PEP 657 -- Include Fine Grained Error Locations in Tracebacks

It bit me so hard I had to read Jelle’s explanation three times before I
got it. So I agree that this will be a common user confusion.

Thanks! I think that this is something that will need some adaptation from users to match expectations as I mentioned in PEP 657 -- Include Fine Grained Error Locations in Tracebacks - #8 by pablogsal.

In any case, we can fine-tune this as part of the implementation as this doesn’t really modify the proposal so I would prefer to discuss this later if the PEP is accepted to keep the discussion focused.

I made the same mistake, but I think the lesson to learn is that the error is entirely inside the ^ range – which should make it simpler to understand.

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Maybe using two different markers can alleviate the ambiguity? For example:

 File "", line 6, in lel
    return 1 + foo(a,b,c=x['z']['x']['y']['z']['y'], d=e)
TypeError: 'NoneType' object is not subscriptable
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I’d personally prefer to just to teach the mental model instead of having a mixed annotation like that. In terms of aesthetics, it doesn’t look as good. Other than that, we would end up with manual metadata propagation which is something that would complicate the compiler and very error-prone (we need to declare a starting point per node (e.g in this case Subscript, in the division case BinOp (and all the places they might end up in the compiler)). Plus it would cost an additional byte per all potential instructions.

In some cases, the range that could be potentially highlighted might include code on consecutive lines. The same situation could be present in the current much improved highlighting of SyntaxErrors in Python 3.10 (Thanks Pablo!). However, tracebacks only show a single line of code, thus not including all the potentially problematic code.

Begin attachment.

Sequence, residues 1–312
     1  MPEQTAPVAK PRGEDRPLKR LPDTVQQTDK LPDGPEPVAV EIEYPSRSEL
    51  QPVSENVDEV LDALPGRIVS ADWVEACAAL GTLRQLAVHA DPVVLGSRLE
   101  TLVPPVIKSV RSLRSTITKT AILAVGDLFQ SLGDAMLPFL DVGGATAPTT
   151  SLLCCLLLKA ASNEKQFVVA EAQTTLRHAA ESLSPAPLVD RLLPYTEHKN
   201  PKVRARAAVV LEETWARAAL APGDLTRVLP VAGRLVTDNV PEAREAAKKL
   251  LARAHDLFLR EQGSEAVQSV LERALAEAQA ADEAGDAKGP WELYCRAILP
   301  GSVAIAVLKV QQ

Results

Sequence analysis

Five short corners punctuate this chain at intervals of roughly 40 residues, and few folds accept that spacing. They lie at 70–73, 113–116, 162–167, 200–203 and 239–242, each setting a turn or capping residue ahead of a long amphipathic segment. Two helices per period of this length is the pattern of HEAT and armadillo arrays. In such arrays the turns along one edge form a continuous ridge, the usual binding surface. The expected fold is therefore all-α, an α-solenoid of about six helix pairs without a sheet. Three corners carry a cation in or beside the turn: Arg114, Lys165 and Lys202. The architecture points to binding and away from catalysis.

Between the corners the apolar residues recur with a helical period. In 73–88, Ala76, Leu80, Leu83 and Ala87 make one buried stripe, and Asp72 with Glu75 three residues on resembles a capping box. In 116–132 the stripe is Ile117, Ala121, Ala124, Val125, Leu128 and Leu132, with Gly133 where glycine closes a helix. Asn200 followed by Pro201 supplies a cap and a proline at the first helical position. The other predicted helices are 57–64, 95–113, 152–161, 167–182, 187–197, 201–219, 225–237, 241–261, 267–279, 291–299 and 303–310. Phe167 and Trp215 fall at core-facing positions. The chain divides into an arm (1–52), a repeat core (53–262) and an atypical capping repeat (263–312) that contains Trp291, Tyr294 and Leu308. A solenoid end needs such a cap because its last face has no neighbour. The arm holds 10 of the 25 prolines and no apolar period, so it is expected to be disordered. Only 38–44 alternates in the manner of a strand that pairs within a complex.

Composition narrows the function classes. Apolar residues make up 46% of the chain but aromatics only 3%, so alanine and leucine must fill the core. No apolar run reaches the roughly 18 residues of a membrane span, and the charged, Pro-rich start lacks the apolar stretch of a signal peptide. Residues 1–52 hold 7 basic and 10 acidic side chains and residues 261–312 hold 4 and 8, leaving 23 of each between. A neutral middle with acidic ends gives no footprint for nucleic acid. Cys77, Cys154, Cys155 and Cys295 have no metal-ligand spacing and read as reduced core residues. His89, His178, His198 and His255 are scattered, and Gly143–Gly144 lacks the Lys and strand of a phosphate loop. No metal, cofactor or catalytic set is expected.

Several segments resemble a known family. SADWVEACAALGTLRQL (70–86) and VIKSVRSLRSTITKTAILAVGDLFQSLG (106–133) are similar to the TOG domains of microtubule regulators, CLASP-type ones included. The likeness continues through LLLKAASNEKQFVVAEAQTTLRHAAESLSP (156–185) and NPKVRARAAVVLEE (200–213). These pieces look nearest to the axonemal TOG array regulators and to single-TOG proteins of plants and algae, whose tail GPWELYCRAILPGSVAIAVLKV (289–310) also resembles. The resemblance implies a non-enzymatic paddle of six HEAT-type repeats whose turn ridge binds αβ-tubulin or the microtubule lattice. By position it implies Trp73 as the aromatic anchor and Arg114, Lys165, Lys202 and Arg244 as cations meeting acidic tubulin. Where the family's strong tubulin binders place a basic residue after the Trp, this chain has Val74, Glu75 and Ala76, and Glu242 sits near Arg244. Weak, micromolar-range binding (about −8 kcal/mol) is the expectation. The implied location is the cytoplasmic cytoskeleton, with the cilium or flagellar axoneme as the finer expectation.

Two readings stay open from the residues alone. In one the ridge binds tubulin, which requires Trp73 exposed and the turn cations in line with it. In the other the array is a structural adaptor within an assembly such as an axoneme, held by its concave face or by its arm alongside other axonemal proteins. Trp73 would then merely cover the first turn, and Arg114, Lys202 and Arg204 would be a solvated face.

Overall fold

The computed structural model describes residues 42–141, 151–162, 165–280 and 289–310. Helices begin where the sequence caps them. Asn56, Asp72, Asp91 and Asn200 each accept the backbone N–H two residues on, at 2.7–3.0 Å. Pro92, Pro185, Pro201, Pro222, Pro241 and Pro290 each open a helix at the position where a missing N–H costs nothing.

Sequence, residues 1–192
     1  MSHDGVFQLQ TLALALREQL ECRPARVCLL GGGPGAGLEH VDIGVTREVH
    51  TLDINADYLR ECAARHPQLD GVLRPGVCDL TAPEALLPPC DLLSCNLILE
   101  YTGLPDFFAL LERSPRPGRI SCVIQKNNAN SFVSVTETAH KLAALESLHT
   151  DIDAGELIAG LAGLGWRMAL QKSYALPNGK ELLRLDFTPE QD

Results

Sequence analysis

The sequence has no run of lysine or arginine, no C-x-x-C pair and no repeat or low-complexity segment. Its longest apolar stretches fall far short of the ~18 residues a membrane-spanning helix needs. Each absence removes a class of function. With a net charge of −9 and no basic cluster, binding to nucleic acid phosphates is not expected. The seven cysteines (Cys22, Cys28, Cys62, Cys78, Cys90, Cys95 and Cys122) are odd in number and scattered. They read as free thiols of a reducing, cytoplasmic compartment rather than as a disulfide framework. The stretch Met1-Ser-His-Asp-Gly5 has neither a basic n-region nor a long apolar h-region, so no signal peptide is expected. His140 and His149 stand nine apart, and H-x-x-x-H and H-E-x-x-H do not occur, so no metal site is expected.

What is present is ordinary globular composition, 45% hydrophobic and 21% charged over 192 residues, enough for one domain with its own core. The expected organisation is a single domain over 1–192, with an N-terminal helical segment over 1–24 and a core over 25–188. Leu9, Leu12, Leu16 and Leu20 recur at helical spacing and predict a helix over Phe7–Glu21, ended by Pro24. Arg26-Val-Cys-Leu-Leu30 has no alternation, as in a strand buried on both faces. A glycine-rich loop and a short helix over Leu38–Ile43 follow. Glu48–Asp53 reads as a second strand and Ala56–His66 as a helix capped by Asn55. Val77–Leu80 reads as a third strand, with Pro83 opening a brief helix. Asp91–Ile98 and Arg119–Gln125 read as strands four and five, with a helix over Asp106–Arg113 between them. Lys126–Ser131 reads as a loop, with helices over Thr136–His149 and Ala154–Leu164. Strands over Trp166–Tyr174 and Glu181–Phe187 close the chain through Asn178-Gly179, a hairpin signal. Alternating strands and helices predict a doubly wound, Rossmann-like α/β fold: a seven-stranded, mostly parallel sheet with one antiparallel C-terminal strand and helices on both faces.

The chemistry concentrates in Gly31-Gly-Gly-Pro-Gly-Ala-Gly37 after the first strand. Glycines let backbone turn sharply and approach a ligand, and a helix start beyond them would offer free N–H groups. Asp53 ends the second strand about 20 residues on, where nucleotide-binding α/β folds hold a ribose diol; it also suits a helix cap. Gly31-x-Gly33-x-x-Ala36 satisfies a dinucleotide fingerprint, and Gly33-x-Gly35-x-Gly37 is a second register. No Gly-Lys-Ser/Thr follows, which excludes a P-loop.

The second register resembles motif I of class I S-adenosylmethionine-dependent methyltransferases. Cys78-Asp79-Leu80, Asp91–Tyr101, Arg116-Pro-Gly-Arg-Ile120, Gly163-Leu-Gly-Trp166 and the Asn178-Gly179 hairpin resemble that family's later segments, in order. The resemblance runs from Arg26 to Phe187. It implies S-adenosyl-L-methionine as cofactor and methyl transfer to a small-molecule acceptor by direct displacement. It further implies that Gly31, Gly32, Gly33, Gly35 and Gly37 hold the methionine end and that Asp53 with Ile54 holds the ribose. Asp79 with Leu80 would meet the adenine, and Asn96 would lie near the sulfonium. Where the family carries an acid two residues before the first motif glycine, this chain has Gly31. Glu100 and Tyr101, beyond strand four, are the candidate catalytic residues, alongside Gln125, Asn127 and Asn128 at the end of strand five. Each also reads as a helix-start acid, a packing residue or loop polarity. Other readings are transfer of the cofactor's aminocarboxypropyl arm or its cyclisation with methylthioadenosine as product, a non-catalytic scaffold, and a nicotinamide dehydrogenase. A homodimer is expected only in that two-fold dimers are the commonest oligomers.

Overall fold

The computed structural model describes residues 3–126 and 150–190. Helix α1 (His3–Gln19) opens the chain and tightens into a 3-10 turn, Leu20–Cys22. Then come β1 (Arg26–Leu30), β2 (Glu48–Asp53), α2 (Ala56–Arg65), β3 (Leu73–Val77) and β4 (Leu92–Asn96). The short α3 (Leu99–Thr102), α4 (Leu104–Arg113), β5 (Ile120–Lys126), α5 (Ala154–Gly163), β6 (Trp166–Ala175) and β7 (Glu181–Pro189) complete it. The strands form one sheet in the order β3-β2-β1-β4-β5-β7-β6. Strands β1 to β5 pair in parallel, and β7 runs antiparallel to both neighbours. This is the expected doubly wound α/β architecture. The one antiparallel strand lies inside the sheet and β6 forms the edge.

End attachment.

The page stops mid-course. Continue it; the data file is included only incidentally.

It might be helpful to add something --- to the range indicated by ^s as an indication that the location of the error continues beyond the code shown.

For example, if x[1][2][3] is None, then the location of an error in the following code:

a = x[1][2

would be shown as follows:

a = x[1][2

Admitedly, in this simple example, one can clearly see an unclosed bracket indicating that the
code continues below. However, in more complex cases (especially for SyntaxErrors spanning multiple tokens), such indication might be helpful.

(I initially thought of using ... instead of --- but thought that the latter was visually more appealing in this context.)


After experimenting some more, I think that --> might look even better:

Traceback (most recent call last): 
   File "", line 1
     a = {'a': 123 
 SyntaxError: invalid syntax. Perhaps you forgot a comma?

+1 on Jelle’s comment on what should be highlighted and Guido’s summary.

I wanted to point that out, but also the inverse, consider a complex expression like (imagine the placeholder names to be much longer):

foo = bar(

The “failing evaluation” may easily be multiline, e.g. from 4:2 until 6:7.